Same Road, Different Directions

Life in the Minors
January, 2004
Part 1

Pitching coach sold on Paw Sox fans
By Joe Kuras

When Mike Griffin got promoted to Pawtucket as the pitching coach in 2003, he probably figured it to be just another minor league city and another rung up the ladder, closer to the major leagues. He probably never suspected the 2003 season to be such an enjoyable and memorable experience.

With an 83-61 record, Pawtucket finished in first place as the Northern Division champion. Manager Buddy Bailey got the most out of his team, even if they weren’t the most talented bunch of guys in the International League. Griffin had all winter to reflect on the season and all the good things that were done on the field.

“Overall, it has been a very good, memorable season for me,” Griffin confided.

Pawtucket pitchers had the fifth best ERA (3.83) in the 14-team league and were third in strikeouts with 983. But Griffin’s defining moment of the 2003 season was probably the fan reaction to Bronson Arroyo’s perfect game no-hitter on August 10.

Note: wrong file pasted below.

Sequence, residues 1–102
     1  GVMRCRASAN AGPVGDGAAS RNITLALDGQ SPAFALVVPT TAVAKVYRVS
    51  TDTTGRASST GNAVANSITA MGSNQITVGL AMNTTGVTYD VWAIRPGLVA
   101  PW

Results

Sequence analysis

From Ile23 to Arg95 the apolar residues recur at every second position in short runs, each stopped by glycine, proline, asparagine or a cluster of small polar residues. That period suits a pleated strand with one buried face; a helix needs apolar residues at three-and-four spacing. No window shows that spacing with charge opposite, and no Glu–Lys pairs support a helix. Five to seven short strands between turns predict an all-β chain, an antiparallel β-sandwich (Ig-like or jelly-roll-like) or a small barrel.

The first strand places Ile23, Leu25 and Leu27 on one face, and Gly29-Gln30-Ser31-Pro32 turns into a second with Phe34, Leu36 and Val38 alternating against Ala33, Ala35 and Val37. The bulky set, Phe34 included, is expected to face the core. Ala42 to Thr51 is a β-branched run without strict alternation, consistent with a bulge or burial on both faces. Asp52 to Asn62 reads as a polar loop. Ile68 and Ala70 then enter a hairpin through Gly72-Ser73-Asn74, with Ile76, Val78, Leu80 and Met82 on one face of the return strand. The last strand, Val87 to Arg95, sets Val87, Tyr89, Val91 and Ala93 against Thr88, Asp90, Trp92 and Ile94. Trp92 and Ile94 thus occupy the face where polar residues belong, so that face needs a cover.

“When he got the final out in the 9th, it was pandemonium. We were out on the field congratulating Bronson. We were walking off and I looked up at the people, and they were just standing, and I couldn’t believe it! I had to stop!” Griffin revealed. “My wife was in the stands. And I asked her, ‘did you see me stop on the field?’ I just had to take that in. I just looked up at all of our fans. It was unbelievable. I had goose bumps on my arms! That’s how unbelievable it was!

Fan support can make a minor league city a very special place. But it also does wonders when preparing the player for the major leagues. To Arroyo’s credit, the fan support, as the potential perfect game progressed, did not unnerve the 26 year-old right-hander.

Griffin describes Arroyo as a very levelheaded person.

“Nothing bothers him on the mound during a game. No matter how bad things may look, bases loaded & nobody out, he stays the same. He doesn’t change his demeanor or body language.”

A good work ethic, which translates to good habits on the field, results in a good command of his pitches. Arroyo had all of that working for him on the day of his perfect game, and the tremendous fan support didn’t take him out of his game. And that in itself is great preparation for the Boston fans and media in years to come.

“If there is a call from Boston, these players are able to step in, and not miss a beat,” Griffin concluded. “That’s what we work our game plan around here working to get these players ready for Boston.”

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